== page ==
What Toyota has done with this Prius is simply brilliant. You can watch the energy displays if you like, but you don’t need to. Only once was I caught out by the Synergy Drive; making a left turn onto a crowded four-lane, I pumped the throttle to sneak into a hole between two cars and was unexpectedly braked by the Toyota’s decision to cut the engine. That’s it. That was the only time I didn’t like the system in the space of 1,600 miles. I’m a believer.
7. The quiet aero. True, my current fleet of vehicles, containing two Porsches, two Honda motorcycles, and a car (the Honda Accord) which has been infamous for road noise since 1976, tends to damage my idea of what a quiet car is. Still. This Prius has less wind noise than anything else I’ve ever driven. You can have a reasonable conversation at 90 mph.
8. The handling. Yeah, it’s on those low-roll Avids, which aren’t great. But when I took the Prius around New Jersey Motorsports Park’s Lightning course, the Prius was a capable and friendly partner. It can hit 96 mph on the front straight before recovering sixty watt-hours braking at the “4” mark. You can rotate it – wait, I’m laughing as I type – you can rotate it at turn entry on the Synergy Drive recovery mode of the brake pedal. No, it’s not fast, but it’s not undriveable. More importantly, the Prius ended its tour of the track with a firm brake pedal, no worrying heat smells, and two bars of battery left in reserve. Hey, it’s got two controversial F1 technologies: a CVT (hey, Williams!) and battery energy recovery (hey, every F1 team during KERS development except Williams!) The only caveat: The stability control doesn’t like high-G maneuvers at freeway speeds.
9. The air conditioning. Oh what a feeling, to sit in the Prius on a hot Jersey day and just let the battery run the A/C for you while the engine sleeps. Guilt-free motoring at its finest.
10. The stereo. Best cheap-car stereo I’ve heard in a while. The dynamics of it won’t cause my friends at Stereophile to pen any rapturous tributes but at least it’s loud enough for a 43-year-old man who has been deafened by years of unmuffled club racers and Benelli shotguns operated indoors.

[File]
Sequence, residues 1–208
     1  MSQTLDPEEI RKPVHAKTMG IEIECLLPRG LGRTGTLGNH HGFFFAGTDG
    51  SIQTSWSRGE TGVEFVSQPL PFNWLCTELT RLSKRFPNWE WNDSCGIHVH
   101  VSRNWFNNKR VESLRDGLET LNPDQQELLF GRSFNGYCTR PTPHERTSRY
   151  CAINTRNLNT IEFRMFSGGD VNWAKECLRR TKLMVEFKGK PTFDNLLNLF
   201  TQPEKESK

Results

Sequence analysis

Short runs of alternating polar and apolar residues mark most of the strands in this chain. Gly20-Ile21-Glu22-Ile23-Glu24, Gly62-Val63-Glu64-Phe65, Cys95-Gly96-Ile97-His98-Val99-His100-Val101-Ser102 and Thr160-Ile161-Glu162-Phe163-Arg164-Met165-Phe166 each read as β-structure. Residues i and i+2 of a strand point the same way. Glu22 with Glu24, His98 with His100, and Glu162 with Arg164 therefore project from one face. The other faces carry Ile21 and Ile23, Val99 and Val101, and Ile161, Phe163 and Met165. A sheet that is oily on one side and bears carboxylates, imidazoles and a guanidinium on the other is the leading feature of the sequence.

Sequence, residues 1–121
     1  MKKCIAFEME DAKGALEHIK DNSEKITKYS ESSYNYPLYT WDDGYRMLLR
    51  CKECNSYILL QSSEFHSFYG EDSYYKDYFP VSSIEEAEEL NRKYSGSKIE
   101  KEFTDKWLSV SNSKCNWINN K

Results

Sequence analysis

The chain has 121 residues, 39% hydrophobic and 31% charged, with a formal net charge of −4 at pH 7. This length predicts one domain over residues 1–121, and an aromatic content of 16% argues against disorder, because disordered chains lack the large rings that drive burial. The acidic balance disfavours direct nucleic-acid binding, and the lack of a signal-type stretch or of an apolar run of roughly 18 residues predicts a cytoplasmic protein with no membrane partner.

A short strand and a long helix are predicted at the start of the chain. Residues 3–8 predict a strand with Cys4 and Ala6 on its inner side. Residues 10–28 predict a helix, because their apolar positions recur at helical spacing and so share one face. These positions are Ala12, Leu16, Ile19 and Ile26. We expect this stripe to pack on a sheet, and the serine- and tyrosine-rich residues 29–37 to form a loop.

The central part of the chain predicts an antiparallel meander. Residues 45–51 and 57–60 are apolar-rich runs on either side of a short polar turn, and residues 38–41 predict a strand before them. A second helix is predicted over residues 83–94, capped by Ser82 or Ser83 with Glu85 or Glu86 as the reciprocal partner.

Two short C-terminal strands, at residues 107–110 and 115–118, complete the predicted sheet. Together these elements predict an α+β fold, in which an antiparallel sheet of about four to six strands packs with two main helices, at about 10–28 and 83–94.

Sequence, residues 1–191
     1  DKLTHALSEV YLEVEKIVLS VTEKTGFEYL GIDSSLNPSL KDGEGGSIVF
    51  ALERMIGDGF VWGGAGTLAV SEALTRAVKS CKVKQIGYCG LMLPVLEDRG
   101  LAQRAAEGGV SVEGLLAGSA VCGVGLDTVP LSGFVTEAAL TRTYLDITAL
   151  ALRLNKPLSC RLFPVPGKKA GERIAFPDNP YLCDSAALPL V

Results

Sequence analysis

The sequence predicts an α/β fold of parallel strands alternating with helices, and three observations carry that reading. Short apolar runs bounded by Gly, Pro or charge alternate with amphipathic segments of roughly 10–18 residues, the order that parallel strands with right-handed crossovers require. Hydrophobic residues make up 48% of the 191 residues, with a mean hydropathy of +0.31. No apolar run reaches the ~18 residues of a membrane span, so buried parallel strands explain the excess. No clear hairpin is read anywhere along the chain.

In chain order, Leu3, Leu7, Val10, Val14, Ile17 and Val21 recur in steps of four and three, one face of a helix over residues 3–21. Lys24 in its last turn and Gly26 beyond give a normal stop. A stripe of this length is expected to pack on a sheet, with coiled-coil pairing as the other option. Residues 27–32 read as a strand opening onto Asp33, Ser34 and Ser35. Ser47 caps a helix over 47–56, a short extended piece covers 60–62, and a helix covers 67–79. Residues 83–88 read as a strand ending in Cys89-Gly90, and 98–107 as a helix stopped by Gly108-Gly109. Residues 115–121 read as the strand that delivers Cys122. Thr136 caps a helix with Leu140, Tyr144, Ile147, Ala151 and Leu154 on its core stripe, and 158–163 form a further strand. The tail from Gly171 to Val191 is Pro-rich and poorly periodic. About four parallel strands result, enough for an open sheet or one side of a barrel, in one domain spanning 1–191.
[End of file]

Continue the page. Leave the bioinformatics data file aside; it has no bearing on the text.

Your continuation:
After six days with the Prius, I was ready to buy one without question. Keep in mind that only the existence of my personal fleet would make such an idea palatable; I’m about as likely to buy a Chinese-made dress shirt as I am to make a car that can’t break 100 in the quarter my only vehicle. Still, for ninety-five percent of the driving that I do, the Prius makes more sense than anything else on the road. And trust me, after blasting out to the lead of a forty-one-car pack while the Bimmers behind you bang fenders loud enough for you to feel it in your chest, getting into a car that “turns on” with a beep is oddly comforting.
Of course, the Prius has problems, and here are five of them:
1. The dashboard is garbage. Forget the fact that it’s in the center. The displays themselves are a strange mixture of cheap monochrome LCD and monochrome segment LCD and backlit icons like you’d find on a God-damned ’79 Tercel. Every time you look at the display, you’re reminded of just how they found the money for the Toyota Synergy Drive in a $24,000 car. No Ford made after the Tempo looks this cheap inside.
2. The rest of the car is cheap, too. You can load these things up but my rental-spec “Prius One” lacked basic features such as a three-blink turn signal. It’s equipped like a base Accent despite costing half again as much. There’s no reason for it other than to push you upmarket to the five trim levels above. It’s exploitative and stupid in the best GM practice.
3. It also treats you like an idiot. Yes, we all know the kind of people who buy these things in droves: feckless, mouth-breathing Whole-Foods-shopping asexuals who treat the government like a surrogate parent and use phrases like “I’m not okay with that” and “Here’s why that’s a problem.” Some day it will be legal to cut those people down from horseback like a Dothraki, but in the meantime they have to be coddled by a car that BEEPS INSIDE WHEN YOU’RE BACKING UP. I know I’m backing up, damn it! I also don’t need the car to flash some tacky-ass additional display every time I touch the Volume button. I know I’m touching the Volume button, because I’m a functioning human. What’s worse: the “you’re-touching-a-button” display lights up when you touch the button, but you have to press the button more to get it to do anything.